American Jezebel: The Uncommon Life of Anne Hutchinson, the Woman Who Defied the Puritans

by Eve LaPlante

Paperback, 2005




HarperOne (2005), Edition: Reprint, 312 pages


In a time when women could not vote, hold public office, or teach outside the home, the charismatic Hutchinson wielded remarkable political power. Her unconventional ideas attracted a following of prominent citizens eager for social reform. Charged with heresy and sedition, she defended herself brilliantly, but the court, faced with a perceived threat to public order, banished her for behaving in a manner "not comely for [her] sex." The seeds of the American struggle for women's and human rights can be found in her courageous story. Nathaniel Hawthorne used her as a model for Hester Prynne in The Scarlet Letter; her detractors referred to her as "the instrument of Satan," a witch, "more bold than a man," and Jezebel--the ancient queen who, on account of her tremendous political power, was "the most evil woman" in the Bible.--From publisher description.… (more)


½ (59 ratings; 3.7)

User reviews

LibraryThing member arelenriel
Colonial New England history has always fascinated me. I grew up in Massachusetts where so much of Anne Hutchinson's story occurred. This is a wonderful book. It is well researched a presents a balanced picture of how women were perceived and treated in 17th century American.
LibraryThing member karenmerguerian
Anne Hutchinson was alternately respected and feared by the people and clergy of the 17th-century Puritan Massachusetts Bay Colony. In this book, author (and Hutchinson descendent) Eve Laplante convincingly demonstrates that Hutchinson's intelligence and defiance of the clergy was brave and
Show More
admirable. Though it led to her exile it never led to her marginalization. Laplante is less successful in demonstrating that Hutchinson's persecution had to do specifically with her gender. Hutchinson in fact was exonerated for teaching women in her home, which she successfully argued was allowed by scripture. However, she doomed herself to exile by announcing that she received direct revelation from God, and that the clergy were wrongly preaching a covenant of works. In this she was like Roger Williams, and though he was a man, their punishment --exile-- was the same. John Cotton is portrayed here as a slippery betrayer of Hutchinson, his one-time prodigy, and Winthrop as a vengeful pragmatist. The author discusses Hutchinson's continuing legacy (always a problematic issue when it comes to the Puritans), and closes by reviewing her own exploration of sites around New England and New York that are connected to Hutchinson's life.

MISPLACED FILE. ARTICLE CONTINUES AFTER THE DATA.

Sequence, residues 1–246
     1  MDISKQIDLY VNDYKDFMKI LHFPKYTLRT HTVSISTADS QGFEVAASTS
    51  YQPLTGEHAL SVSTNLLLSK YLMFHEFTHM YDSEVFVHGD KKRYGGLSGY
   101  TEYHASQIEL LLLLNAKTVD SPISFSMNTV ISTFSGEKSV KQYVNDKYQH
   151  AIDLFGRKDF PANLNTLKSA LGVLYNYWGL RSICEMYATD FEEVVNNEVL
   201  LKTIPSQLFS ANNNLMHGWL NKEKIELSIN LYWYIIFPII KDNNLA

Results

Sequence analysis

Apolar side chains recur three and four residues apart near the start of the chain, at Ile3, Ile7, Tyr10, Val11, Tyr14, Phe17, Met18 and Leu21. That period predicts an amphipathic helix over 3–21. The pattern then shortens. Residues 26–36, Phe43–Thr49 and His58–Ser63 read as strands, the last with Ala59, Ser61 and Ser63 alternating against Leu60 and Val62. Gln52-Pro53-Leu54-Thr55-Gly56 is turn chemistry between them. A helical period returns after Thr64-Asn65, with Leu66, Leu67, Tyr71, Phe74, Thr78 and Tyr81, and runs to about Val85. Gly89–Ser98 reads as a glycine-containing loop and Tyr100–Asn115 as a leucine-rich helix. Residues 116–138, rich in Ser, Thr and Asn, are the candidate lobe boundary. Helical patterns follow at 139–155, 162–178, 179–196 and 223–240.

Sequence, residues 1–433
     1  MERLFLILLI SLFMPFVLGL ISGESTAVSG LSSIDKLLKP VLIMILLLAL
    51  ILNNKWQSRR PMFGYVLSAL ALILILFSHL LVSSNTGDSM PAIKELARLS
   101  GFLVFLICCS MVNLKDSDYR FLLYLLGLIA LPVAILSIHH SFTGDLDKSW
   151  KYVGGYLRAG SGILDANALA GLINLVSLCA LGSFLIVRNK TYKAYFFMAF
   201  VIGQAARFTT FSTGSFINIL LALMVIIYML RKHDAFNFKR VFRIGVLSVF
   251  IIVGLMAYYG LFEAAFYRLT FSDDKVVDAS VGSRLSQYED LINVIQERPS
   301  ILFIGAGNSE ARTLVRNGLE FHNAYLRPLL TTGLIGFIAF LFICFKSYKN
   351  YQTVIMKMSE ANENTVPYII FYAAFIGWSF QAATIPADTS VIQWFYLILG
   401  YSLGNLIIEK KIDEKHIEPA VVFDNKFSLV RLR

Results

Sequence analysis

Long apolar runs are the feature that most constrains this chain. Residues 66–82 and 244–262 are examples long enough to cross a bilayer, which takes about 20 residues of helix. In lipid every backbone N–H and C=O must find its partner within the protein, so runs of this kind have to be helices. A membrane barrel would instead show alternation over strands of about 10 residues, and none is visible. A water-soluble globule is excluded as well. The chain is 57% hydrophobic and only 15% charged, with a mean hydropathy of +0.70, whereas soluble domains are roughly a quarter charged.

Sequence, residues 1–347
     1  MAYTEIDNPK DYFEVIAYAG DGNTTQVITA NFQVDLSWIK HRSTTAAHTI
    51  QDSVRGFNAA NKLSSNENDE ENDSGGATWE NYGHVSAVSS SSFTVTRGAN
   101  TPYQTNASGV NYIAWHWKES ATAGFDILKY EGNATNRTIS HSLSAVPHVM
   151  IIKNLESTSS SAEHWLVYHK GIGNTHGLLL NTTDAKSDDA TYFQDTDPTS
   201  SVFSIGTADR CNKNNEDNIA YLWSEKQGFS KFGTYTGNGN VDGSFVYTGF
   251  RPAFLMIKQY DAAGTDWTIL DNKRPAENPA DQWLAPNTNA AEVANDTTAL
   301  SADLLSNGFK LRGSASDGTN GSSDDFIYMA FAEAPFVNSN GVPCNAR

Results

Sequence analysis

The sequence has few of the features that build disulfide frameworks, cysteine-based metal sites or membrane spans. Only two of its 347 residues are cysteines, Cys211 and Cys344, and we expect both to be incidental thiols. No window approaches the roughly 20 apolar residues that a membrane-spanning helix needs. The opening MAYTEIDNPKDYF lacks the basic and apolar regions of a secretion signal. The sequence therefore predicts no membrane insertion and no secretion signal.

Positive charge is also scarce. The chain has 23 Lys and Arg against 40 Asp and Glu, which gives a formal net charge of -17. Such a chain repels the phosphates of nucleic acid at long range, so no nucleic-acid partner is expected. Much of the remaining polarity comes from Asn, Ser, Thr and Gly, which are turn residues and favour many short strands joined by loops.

Show Less
LibraryThing member cmbohn
Themes: gender roles, religion, separation of church and state, individual freedom versus community
Setting: Massachusetts 1638 or so

Anne Hutchinson was a terrible threat to the Puritan fathers of Boston. She discussed scriptures. And she was a woman. That's really about it. She also didn't agree
Show More
with them, but I think even if she had, the idea that a woman was perfectly capable of reading, writing, reasoning, and preaching was going to make them very uncomfortable, no matter what else she did.

This is a biography of Hutchinson and a story of the time and place she lived in. It includes a bit about the religious controversies involved and talks a lot about the other players in the case. She was eventually brought to trial, more than once, and charged with “traducing the ministers.” John Winthrop, governor of the Massachusetts Bay Colony, conducted the trial himself and made it his mission to get her punished for her behavior. He won, eventually, and Hutchinson and her family were forced to move to Rhode Island and then to Long Island where Hutchinson died.

Hutchinson is an interesting subject, but something about this book just couldn't hold my interest. At one point I skipped ahead 100 pages and I really hadn't missed anything. I didn't enjoy this book very much. But I won't anti-recommend this book, if you know what I mean, because I think for the right reader, this would be a good book. Just not for me. 2 stars
Show Less



Original language


Original publication date


Physical description

312 p.; 5.31 inches


0060750561 / 9780060750565
Page: 0.1371 seconds